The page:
For the foil, I use the Select Profoil windfoil and it’s really a light wind machine. The Select Profoil is a powerful race foil, which is ideal to point higher and fly earlier, but there are other foil brands like Naish or Slingshot which fly very early even with very small sails. Other foils like the Neilpryde F4 carbon are better to ride faster and with stronger winds.

2- Another important factor in how early you start planing is how the water surface is. Flat water will make it easier to start flying, while it gets more difficult to fly early in choppy waters.

3- Last tip is to ride upwind. As you sail faster than the wind, you will want to sail close to the wind in order to get more wind and power in your sail.

  • Jason Clarke

(GBR 32 - Bug Fins & Foil)

Here are my top 3 tips to fly in light wind:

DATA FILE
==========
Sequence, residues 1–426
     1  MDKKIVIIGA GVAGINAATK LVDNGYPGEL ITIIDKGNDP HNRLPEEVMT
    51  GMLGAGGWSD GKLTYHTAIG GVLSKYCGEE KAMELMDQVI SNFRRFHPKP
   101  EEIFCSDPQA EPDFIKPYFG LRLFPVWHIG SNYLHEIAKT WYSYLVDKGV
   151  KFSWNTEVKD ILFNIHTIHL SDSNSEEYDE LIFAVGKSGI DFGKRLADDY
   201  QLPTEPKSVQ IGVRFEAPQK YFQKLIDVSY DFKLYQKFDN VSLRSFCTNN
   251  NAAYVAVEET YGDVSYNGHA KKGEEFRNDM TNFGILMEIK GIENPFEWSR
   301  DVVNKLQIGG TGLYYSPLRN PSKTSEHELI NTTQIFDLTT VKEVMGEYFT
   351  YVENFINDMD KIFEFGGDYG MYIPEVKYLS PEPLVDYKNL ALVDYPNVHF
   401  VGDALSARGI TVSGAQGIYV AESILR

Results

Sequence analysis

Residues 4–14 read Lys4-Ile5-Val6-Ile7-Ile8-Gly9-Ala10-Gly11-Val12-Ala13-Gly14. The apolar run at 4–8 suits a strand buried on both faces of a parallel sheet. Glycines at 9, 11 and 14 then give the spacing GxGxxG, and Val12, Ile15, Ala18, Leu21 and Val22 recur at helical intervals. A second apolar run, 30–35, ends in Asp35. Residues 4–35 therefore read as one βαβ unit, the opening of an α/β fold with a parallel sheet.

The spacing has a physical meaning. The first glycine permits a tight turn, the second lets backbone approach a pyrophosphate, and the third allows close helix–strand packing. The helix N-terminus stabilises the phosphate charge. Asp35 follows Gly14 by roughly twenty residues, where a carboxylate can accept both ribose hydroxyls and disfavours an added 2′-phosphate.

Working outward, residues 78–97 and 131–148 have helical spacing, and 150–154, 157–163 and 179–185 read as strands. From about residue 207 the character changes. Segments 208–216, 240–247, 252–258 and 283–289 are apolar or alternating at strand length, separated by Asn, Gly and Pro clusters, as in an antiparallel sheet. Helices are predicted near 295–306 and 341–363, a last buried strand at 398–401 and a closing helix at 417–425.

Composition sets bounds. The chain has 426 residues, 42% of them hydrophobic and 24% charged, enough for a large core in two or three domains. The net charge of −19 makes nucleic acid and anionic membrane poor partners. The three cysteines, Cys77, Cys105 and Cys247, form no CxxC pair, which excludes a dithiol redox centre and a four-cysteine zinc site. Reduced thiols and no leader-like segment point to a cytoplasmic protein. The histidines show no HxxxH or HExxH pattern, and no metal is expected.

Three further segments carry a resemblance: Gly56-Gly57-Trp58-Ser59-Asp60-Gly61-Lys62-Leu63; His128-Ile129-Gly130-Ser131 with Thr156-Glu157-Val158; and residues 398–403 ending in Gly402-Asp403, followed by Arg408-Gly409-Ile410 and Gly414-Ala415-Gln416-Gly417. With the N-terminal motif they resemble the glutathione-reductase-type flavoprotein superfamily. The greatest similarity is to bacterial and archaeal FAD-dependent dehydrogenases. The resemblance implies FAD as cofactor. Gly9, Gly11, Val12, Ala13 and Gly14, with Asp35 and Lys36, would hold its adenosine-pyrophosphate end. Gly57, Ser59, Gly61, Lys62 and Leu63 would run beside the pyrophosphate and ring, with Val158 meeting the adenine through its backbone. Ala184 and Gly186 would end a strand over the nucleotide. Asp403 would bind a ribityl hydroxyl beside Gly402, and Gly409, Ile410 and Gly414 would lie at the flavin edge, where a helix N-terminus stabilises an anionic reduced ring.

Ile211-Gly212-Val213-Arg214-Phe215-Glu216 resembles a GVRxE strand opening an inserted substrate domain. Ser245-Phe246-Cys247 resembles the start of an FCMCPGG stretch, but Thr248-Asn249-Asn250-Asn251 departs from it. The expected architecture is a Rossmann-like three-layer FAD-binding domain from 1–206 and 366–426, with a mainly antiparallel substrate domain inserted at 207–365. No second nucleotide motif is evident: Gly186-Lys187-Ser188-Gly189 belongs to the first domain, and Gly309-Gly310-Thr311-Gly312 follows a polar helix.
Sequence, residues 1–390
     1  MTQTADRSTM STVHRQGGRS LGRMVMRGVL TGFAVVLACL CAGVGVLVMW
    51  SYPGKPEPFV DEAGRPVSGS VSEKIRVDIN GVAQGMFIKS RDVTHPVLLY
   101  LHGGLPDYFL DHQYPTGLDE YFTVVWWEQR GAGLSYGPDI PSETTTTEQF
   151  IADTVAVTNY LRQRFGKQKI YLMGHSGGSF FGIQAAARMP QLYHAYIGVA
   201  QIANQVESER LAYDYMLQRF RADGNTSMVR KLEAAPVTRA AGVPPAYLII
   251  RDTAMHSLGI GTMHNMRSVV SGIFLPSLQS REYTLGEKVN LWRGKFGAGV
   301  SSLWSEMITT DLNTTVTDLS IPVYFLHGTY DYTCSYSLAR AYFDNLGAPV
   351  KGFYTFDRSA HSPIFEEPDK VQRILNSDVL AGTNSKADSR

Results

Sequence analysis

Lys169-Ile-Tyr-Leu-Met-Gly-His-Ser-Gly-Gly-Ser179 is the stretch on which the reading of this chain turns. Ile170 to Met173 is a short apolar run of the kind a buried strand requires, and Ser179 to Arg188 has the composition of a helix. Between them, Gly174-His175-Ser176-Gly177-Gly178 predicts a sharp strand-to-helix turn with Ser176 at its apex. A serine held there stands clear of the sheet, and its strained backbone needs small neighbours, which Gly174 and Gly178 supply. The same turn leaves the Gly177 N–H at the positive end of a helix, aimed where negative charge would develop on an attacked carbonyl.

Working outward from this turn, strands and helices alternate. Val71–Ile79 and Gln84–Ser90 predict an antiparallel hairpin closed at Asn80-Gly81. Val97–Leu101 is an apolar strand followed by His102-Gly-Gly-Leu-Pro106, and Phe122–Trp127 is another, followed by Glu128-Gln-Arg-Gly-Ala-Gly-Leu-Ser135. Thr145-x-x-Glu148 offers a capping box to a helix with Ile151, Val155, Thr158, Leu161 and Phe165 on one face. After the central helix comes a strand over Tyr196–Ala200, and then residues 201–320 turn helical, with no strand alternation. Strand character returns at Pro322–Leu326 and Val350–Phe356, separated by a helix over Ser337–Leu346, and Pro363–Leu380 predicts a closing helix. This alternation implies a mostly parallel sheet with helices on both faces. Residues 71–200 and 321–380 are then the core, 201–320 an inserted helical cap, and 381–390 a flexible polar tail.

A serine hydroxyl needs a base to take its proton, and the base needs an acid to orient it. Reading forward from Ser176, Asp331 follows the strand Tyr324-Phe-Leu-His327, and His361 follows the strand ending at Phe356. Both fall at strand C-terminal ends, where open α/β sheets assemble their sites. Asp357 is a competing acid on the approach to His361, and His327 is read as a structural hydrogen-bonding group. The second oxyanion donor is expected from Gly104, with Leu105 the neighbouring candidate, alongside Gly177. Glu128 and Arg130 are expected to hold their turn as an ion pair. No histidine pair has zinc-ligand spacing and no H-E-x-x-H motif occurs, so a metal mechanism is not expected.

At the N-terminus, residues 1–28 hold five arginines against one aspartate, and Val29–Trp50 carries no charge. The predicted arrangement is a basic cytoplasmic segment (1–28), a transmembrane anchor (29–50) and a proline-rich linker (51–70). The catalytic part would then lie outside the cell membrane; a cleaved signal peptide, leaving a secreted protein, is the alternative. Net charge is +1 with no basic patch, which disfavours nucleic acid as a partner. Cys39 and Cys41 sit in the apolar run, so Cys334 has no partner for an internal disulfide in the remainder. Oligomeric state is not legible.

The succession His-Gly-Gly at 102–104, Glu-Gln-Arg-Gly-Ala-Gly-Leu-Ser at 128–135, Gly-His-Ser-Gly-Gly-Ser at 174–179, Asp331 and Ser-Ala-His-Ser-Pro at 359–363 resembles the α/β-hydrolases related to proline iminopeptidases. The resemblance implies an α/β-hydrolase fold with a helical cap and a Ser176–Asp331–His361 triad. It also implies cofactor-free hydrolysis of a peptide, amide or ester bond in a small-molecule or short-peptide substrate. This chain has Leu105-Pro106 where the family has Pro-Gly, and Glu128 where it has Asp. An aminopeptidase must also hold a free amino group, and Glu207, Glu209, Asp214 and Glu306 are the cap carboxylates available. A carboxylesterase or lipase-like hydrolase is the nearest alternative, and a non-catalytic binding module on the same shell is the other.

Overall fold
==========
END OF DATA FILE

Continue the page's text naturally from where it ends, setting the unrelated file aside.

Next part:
1- Kit selection:

If you want to fly in little wind you still require an amount of forward speed to generate lift from the foil.

A larger sail minimum of 8.6 up to 10m for less than 10knots.

A wider board, same principle as regular windsurfing: it gives an earlier planning, so a formula board works best here but narrow towards 90cm would be good also.

2- The pumping technique:

Most foils have a zero angle of attack when under your board. During pumping you want to get back into the front footstrap as early as possible to lift the nose and angle the foil upwards creating more angle on the wings profile.

This would encourage more lift. Driving through your legs to pump the foil at the same time as the foil will get you flying early.

3- Tuning your foil for the conditions:

Lighter winds mean you can run a larger front wing if you have the option.

Bug foil offers 1100cm2 wing and so do some other brands such as Horue or Lokefoil. '